Before Kevin Powers underwent lung cancer surgery last October, his girlfriend, Agi Orsi, meticulously checked and double-checked to be sure his Santa Monica hospital and surgeon were in his health plan’s network. They were.
Even in the hospital, Orsi dutifully wrote “no out-of-network doctors” across the top of Powers’ admission paperwork.
Her diligence was for naught.
Powers, 57, suffered serious complications, resulting in a two-week hospital stay that included visits from several specialists. It also resulted in a barrage of surprise medical bills from some of those specialists charging out-of-network rates.
The bills total about $5,600 – so far.
“It’s overwhelming,” says Orsi, 64, who lives with Powers in Topanga Canyon. “I feel like consumers are at a major disadvantage.”
Starting next month, many Californians will be protected against such surprise medical bills from out-of-network providers, also known as “balance billing.”
Under a new state law, if you visit an in-network facility – such as a hospital, lab or imaging center – you will only be responsible for your in-network share of the cost, even if you’re seen by an out-of-network provider.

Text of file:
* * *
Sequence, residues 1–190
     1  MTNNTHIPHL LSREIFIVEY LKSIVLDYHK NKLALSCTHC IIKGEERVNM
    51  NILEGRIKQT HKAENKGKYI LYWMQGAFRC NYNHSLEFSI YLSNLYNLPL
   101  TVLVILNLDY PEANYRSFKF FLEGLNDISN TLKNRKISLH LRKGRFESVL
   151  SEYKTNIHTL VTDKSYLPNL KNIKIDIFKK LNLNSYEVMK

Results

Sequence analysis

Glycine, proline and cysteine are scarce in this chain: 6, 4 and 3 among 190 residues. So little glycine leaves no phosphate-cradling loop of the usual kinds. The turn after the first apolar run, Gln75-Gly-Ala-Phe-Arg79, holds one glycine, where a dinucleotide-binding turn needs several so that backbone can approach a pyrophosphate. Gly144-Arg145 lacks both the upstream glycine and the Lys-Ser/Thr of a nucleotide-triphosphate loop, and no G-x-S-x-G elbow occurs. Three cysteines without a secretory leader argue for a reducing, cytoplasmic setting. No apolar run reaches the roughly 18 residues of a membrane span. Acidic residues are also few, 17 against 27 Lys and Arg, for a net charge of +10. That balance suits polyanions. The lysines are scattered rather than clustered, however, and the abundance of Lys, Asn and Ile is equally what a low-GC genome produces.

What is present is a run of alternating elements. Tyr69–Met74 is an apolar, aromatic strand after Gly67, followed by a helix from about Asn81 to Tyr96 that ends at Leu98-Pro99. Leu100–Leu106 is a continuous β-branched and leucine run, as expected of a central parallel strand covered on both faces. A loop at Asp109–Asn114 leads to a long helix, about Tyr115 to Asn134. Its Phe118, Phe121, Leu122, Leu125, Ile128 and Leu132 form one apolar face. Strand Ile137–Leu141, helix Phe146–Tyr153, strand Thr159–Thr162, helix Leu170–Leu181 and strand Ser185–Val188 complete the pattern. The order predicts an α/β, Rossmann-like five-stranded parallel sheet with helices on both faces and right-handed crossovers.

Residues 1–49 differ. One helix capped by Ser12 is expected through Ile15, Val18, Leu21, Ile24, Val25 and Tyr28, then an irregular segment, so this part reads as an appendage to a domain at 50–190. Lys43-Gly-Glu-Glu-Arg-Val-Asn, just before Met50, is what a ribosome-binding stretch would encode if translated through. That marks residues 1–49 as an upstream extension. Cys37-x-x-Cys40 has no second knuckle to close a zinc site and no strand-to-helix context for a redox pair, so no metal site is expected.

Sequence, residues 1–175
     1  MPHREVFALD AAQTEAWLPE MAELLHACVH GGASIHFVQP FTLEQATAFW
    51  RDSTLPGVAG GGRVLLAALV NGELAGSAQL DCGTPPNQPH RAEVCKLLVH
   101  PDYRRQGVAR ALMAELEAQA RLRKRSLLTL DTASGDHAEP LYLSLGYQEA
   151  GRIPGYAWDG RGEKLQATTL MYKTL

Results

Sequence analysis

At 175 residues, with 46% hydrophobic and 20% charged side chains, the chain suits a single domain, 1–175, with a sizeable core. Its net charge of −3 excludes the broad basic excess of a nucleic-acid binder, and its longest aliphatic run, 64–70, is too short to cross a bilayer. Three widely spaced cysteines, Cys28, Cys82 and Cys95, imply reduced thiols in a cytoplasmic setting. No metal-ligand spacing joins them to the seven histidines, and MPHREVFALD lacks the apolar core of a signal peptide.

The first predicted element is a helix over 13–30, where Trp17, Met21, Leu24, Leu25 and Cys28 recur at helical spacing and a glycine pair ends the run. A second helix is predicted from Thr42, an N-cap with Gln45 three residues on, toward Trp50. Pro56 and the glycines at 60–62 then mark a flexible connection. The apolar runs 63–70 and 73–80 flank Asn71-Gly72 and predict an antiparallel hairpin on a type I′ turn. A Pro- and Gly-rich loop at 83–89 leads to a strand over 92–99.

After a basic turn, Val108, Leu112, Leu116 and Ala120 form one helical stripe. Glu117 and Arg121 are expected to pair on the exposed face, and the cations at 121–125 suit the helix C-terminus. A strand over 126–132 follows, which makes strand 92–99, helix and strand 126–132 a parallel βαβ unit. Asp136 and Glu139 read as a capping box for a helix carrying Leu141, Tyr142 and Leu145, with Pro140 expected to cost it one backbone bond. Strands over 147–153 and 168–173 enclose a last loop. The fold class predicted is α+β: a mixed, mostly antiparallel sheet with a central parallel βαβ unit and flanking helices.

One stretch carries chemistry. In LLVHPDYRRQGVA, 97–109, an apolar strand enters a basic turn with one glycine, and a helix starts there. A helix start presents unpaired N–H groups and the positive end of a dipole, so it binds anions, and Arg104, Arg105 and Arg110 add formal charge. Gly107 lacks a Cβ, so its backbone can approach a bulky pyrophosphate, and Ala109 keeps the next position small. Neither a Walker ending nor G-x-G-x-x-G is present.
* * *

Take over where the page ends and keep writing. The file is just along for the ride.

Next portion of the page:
The law applies to non-emergency services received on or after July 1.
“This is a very big deal,” says Tam Ma, legal and policy director for the advocacy group Health Access California. “We’ve heard from hundreds of consumers who were getting these surprise bills.”
A 2015 Consumers Union survey found that nearly one in four Californians who visited a hospital or had surgery in the previous two years were charged an out‐of‐network rate when they thought a provider was in‐network.
Here’s a common scenario: A patient takes pains to ensure her hospital and surgeon are in network, only to get billed by the out-of-network anesthesiologist who appears at her bedside to put her under.
“No one gets to pick their anesthesiologist,” Ma says. “It depends on who is on duty,…